On February 22nd, things abruptly changed: the Central People’s Bank simply joined the game, granting a three year business license to the new credit rating company Baihang Zhengxin which was founded by the Bank itself – via its National Internet Finance Association. The working title of the company, Xinlian, translates to Credit Union and sums up its purpose: To unify the existing commercial credit rating services. While holding the majority of the shares, 36%, themselves, Baihang Zhengxin divided the remaining shares equally among eight companies – exactly those who had been designated credit rating pilots in 2015 and were denied their own business licenses in 2017. Each of them hold 8% of Baihang Zhengxin, which has a starting capital of one billion RMB at its disposal.
The implications are massive. The credit ratings of China’s top eight big data giants are now all part of an enterprise that lies in the hands of the state. Not only will all of the eight companies be obliged to share their most valuable resource – user data – with the government and their market competitors. Most likely, they will also have to subject the centre part of their credit rating services, the calculation of the score, to the will of the state: The government’s definition of what is creditworthy and what is not will prevail, whatever it may look like.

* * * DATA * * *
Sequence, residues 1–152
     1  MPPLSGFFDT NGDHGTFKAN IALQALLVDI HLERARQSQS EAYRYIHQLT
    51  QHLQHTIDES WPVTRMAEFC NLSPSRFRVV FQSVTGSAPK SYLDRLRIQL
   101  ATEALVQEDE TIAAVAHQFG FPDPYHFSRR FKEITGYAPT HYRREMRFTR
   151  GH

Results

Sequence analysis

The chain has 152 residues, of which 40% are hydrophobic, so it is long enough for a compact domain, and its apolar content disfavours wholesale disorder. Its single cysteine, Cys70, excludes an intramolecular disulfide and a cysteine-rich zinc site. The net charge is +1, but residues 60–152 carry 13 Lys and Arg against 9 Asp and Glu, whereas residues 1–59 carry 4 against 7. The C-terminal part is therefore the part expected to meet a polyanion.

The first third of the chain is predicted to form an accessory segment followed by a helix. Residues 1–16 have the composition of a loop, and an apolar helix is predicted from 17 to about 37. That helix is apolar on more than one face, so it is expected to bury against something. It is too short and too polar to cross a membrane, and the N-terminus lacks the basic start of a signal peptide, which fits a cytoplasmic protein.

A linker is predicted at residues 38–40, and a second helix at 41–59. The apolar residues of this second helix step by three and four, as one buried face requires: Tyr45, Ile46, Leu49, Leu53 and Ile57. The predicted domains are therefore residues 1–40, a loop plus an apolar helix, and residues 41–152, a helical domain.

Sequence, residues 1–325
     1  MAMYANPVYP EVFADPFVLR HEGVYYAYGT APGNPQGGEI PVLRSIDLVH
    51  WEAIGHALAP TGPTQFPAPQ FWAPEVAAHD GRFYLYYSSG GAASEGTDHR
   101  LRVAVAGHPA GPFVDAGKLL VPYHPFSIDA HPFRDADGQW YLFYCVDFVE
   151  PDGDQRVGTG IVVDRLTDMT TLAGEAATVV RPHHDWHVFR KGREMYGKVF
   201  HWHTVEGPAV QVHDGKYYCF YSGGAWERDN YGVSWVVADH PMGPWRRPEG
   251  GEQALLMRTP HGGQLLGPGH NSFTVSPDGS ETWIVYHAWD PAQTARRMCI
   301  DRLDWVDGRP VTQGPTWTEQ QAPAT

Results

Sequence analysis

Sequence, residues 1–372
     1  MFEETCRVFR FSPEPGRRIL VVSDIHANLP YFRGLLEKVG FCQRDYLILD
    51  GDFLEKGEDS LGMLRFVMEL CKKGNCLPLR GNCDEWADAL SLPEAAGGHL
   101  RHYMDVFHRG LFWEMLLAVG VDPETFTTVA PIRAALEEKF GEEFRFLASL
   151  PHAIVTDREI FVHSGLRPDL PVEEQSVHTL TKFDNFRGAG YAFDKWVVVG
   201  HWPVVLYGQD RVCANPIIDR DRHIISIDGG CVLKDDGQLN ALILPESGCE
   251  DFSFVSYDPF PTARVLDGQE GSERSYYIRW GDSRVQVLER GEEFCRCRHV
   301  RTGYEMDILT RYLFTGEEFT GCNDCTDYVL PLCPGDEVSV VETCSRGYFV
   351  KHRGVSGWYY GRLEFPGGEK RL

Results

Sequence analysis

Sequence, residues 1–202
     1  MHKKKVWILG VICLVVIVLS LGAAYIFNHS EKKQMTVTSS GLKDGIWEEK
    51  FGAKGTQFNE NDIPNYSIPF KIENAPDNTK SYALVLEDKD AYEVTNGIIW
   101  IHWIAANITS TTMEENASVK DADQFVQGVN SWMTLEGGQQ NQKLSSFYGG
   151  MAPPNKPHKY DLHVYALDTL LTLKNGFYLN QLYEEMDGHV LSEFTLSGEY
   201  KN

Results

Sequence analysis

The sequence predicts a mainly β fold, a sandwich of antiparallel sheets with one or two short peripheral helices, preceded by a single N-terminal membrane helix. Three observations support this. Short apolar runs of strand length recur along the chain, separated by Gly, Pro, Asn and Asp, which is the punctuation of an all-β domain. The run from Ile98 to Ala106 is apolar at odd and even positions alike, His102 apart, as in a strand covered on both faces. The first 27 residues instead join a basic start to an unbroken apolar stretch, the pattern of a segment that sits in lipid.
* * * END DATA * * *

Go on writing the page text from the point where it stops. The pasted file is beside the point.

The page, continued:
According to Chinese media voices, the main achievement is to prevent multi-lending at different agencies who have no chance to know about previous loans. Some are outspokenly excited: they illustrate Baihang Zhengxin’s creation as a kind of unification of superheroes (e.g. the eight big-data giants), each with their own particular powers (e.g. own particular sources and kinds of data), fighting for a rule of trust, Guardians of the Galaxy-style. Additionally, and perhaps paradoxically, the removal of the so-called rule of “big-data oligarchs” is acclaimed. Even though he has to pass on some user data, an article goes, “Jack Ma cheered to tears, because finally his long-standing dream to put trustworthiness over wealth and have sincere people become rich first came true”.
As mentioned above, the unification of credit rating services under the eyes of the state also implies that a score can be calculated with an unprecedented precision. Being able to draw on the vast amount of data Alipay accumulates about payments and shopping behaviour with Tencents data about social behaviour – not to mention the valuable data the other six former pilots provide – will give rise to a comprehensive credit profile of legal and natural persons, which is hardly contestable because of the massive power that lies in the pooling of information, with several sources complementing and confirming each other. Although concrete plans of the cooperation are not yet published, at this point it can be asserted that the so far largest obstacle on the path to a central social credit system has been successfully overcome, with the next one waiting around the corner: How exactly is trustworthiness to be measured?